Rep. Chip Conquest (D-Newbury) announced this week he will run for House speaker if he wins reelection to his House seat in November.
Conquest, a 54-year-old farmer and carpenter who has never served in House leadership, said lawmakers could do a better job of listening to and including disparate points of view.
“We haven’t done enough to build public support for big policy changes,” he said, citing Act 46, the state’s new school district consolidation law as one example. “Some of the resistance to Act 46 is a result of that.”
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With dozens of bills still in play Thursday and the deadline for a Saturday adjournment looming, talks on some priority legislation turned testy, as lawmakers abandoned pleasantries and pressed their positions.
In morning talks on the transportation project bill, negotiators went back and forth over the new restrictions that the House wanted to add to improve safety for bicycle riders. “That is a huge issue for the House side,” Rep. Tim Corcoran (D-Bennington) told the senators across the table.
Senators countered that bikers and motorists need to share the road. “I’m reluctant to put all the responsibility on the motorists,” said Sen. Peg Flory (R-Rutland).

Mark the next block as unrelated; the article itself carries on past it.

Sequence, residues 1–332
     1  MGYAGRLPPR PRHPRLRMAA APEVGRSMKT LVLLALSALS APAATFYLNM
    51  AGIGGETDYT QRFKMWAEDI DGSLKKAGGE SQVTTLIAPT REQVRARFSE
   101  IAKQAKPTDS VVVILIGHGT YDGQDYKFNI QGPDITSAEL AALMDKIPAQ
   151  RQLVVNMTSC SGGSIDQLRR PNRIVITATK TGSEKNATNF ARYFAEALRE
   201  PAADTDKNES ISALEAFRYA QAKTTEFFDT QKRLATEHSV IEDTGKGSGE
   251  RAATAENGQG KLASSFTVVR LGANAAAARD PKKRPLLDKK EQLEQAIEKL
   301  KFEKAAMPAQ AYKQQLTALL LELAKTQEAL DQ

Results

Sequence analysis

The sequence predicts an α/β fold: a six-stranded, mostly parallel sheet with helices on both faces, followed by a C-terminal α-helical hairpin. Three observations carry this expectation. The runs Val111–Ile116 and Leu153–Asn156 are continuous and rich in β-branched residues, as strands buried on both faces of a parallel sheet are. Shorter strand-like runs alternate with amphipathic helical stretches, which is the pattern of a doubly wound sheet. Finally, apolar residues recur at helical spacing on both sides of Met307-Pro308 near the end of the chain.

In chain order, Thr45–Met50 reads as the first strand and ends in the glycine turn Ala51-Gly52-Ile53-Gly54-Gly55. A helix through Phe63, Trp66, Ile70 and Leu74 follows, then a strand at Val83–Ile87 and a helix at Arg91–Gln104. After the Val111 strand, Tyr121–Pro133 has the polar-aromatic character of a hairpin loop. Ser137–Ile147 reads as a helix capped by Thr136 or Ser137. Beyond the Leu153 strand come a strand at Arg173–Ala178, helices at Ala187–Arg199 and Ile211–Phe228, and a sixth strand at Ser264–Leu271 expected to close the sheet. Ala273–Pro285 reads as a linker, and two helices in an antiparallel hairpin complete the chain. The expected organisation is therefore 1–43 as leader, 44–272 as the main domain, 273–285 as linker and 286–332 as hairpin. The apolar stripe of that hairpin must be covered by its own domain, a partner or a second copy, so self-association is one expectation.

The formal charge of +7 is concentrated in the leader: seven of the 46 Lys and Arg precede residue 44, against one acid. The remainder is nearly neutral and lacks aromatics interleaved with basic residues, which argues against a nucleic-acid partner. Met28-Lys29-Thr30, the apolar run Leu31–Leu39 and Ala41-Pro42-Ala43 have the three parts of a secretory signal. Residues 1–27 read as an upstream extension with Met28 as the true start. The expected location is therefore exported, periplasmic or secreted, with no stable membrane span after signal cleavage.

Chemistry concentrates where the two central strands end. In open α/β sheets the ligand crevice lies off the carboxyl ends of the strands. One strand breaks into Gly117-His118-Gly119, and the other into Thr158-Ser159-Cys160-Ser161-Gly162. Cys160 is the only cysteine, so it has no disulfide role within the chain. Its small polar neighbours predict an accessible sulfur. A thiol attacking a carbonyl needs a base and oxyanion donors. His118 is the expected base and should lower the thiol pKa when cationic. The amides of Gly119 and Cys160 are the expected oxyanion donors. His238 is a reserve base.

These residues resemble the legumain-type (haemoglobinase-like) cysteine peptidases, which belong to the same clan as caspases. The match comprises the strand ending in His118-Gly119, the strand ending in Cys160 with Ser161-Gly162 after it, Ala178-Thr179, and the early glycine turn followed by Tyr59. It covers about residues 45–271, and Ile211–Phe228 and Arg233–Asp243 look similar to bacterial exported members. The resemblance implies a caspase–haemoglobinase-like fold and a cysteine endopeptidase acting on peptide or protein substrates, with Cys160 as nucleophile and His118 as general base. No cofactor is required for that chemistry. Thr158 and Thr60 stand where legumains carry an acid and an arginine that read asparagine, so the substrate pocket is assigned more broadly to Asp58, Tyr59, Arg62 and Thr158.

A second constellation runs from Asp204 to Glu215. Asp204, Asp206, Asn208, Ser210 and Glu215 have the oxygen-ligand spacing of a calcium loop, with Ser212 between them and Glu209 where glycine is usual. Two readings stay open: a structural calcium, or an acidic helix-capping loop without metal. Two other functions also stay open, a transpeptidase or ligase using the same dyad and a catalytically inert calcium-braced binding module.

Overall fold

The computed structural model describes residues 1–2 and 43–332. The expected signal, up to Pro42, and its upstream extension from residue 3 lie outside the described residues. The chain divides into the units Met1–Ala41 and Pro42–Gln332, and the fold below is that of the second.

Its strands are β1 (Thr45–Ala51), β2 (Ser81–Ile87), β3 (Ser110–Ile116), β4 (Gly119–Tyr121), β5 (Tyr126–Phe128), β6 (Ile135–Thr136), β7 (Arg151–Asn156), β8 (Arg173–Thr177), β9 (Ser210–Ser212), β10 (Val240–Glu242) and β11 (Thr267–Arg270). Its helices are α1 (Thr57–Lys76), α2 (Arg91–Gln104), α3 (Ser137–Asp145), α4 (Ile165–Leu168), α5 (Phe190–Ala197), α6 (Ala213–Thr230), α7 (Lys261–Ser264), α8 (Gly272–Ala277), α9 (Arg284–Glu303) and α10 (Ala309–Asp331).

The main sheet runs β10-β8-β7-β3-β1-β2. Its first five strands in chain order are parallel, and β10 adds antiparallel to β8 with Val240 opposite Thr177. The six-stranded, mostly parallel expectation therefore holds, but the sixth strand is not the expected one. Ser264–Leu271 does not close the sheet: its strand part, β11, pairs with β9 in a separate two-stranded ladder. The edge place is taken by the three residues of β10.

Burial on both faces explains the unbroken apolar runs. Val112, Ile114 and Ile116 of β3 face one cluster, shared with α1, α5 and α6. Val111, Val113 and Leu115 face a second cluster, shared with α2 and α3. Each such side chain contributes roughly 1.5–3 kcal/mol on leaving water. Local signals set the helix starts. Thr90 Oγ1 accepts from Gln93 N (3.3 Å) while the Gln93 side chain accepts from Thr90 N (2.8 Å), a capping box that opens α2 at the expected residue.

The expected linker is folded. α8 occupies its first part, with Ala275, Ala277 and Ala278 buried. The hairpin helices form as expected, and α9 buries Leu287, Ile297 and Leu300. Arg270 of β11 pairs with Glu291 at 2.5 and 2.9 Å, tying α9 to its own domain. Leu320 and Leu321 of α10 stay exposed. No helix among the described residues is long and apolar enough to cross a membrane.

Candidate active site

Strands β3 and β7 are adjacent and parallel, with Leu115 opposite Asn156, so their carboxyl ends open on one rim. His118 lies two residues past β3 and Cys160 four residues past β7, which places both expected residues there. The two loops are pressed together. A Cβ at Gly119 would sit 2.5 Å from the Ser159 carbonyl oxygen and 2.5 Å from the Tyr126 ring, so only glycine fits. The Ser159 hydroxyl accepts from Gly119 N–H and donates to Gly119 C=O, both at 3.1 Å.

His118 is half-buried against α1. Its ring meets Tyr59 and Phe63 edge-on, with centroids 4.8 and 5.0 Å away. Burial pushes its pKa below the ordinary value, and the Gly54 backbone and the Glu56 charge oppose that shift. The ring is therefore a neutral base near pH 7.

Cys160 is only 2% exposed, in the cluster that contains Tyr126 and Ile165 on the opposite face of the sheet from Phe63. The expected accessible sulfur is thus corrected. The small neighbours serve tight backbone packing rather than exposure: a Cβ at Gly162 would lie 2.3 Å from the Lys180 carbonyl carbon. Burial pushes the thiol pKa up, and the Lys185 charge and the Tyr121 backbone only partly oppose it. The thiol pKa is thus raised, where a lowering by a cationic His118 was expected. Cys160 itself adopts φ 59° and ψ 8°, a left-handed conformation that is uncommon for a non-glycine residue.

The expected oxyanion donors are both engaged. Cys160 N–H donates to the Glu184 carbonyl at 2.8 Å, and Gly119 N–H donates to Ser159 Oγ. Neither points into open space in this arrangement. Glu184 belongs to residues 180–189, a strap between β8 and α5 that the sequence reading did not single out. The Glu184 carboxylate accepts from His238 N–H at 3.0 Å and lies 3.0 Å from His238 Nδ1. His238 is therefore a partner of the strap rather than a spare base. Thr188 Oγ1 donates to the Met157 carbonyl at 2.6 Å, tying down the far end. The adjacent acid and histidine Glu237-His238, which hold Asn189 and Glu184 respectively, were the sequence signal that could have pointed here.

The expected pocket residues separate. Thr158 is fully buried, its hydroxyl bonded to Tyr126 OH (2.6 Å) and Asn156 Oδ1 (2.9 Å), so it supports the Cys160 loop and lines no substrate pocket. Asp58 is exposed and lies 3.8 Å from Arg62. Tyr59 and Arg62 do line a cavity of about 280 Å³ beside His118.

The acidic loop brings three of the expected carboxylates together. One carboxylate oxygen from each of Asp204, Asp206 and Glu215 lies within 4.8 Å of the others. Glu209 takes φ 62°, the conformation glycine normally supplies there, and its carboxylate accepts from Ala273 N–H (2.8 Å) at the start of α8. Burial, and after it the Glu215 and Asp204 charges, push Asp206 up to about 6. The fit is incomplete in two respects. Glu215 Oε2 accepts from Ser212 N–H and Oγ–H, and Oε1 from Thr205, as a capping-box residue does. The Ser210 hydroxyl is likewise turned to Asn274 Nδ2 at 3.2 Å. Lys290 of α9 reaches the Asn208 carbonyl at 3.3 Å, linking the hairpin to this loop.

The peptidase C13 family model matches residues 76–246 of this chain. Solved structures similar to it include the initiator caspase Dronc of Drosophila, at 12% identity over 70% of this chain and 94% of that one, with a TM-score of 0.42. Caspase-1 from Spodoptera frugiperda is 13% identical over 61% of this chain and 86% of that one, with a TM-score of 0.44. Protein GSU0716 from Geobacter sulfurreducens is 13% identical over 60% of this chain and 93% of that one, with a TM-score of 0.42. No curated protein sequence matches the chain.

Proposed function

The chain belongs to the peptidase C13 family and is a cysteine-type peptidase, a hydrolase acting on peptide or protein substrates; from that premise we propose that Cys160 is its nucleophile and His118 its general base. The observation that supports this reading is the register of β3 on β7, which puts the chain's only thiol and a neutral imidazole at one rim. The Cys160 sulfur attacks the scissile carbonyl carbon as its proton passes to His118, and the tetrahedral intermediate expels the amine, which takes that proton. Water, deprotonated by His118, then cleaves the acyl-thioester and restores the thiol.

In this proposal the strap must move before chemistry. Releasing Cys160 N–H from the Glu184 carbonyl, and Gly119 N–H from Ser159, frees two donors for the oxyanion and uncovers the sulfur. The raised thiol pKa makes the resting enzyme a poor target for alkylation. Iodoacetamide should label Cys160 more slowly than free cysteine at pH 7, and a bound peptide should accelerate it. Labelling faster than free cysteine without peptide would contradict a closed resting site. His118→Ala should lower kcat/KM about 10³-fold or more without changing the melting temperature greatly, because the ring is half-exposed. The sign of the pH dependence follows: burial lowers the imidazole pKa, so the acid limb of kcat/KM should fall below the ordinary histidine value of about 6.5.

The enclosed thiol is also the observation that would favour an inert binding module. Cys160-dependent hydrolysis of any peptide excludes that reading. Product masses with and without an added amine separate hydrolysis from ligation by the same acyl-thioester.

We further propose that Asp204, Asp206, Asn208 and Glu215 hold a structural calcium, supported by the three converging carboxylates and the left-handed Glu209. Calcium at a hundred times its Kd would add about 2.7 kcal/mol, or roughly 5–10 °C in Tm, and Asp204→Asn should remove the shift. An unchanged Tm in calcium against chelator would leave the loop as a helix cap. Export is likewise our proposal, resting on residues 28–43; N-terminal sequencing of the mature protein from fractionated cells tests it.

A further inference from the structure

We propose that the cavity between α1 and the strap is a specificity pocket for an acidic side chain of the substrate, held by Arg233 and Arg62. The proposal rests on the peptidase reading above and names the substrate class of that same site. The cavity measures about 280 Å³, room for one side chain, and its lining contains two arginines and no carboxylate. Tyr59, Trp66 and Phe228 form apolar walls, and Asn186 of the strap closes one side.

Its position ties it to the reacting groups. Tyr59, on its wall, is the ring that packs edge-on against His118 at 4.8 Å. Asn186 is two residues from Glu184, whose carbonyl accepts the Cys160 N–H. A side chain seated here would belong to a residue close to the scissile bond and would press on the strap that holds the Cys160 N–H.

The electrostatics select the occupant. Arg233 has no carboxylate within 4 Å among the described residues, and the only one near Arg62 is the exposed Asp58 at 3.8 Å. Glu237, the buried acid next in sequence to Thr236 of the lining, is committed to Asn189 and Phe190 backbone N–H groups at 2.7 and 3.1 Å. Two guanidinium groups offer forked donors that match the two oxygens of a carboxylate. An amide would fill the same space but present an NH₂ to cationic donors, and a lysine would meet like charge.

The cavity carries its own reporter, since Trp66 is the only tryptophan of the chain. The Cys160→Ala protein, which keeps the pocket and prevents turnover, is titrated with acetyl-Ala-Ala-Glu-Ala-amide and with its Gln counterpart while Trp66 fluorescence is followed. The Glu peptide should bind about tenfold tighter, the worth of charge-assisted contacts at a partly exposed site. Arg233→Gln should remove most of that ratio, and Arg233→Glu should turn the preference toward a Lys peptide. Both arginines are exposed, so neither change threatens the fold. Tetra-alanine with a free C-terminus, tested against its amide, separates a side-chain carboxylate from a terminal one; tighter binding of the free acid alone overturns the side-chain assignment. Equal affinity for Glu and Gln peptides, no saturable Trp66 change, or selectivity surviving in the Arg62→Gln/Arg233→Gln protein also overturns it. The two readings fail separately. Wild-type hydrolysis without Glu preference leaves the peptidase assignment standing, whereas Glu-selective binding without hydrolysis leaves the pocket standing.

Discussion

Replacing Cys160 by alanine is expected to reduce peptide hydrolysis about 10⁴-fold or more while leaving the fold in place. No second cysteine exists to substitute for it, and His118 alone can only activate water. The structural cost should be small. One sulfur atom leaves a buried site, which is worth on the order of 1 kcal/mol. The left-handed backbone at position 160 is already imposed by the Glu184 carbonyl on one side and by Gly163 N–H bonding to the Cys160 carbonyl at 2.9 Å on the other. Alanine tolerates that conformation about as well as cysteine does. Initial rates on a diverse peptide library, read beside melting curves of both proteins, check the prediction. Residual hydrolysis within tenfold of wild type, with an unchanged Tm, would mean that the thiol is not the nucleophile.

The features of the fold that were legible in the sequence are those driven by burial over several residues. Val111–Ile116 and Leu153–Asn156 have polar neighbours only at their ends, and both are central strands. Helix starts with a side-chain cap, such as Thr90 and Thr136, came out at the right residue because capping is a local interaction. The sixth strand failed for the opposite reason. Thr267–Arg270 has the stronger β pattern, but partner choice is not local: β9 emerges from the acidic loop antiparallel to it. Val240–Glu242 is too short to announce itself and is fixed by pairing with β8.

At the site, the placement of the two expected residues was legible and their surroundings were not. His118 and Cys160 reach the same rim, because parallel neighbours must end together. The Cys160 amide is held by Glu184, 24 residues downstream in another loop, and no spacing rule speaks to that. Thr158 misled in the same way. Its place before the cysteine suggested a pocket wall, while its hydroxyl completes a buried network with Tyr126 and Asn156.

Neither side was ready to budge at this stage in their talks.
The morning meeting of negotiators on the bill reforming the rules governing suspension of drivers’ licenses also showcased more differences than agreement. It began with the two sides staking out conflicting positions on one of the most significant provisions in the bill — the proposed license restoration program.
The exchange between chief Senate negotiator Dick Sears (D-Bennington) and House lead Chip Conquest (D-Newbury) quickly turned prickly, with Sears proposing to jettison the entire license restoration section.
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What had been less clear until Tuesday’s vote was whether the House would support a scaled-back measure to remove criminal penalties for cultivation and possession of two pot plants. That went down by a 77-70 vote as Tuesday afternoon turned to evening.
Vermont has already decriminalized possession of up to an ounce of marijuana. Supporters said removing criminal penalties for home-growing would allow users to avoid buying from drug dealers.
“I think it’s time we recognize the present system does put people into contact with some kind of criminal element,” said Rep. Chip Conquest (D-Newbury), lead sponsor of the decriminalization measure.
House members peppered Conquest with questions. If lawmakers decriminalize two plants and a person harvests 16 ounces, is he or she in violation of the law, asked Rep. Cynthia Browning (D-Arlington).
Not as long as the marijuana is kept in a secure place, Conquest said.
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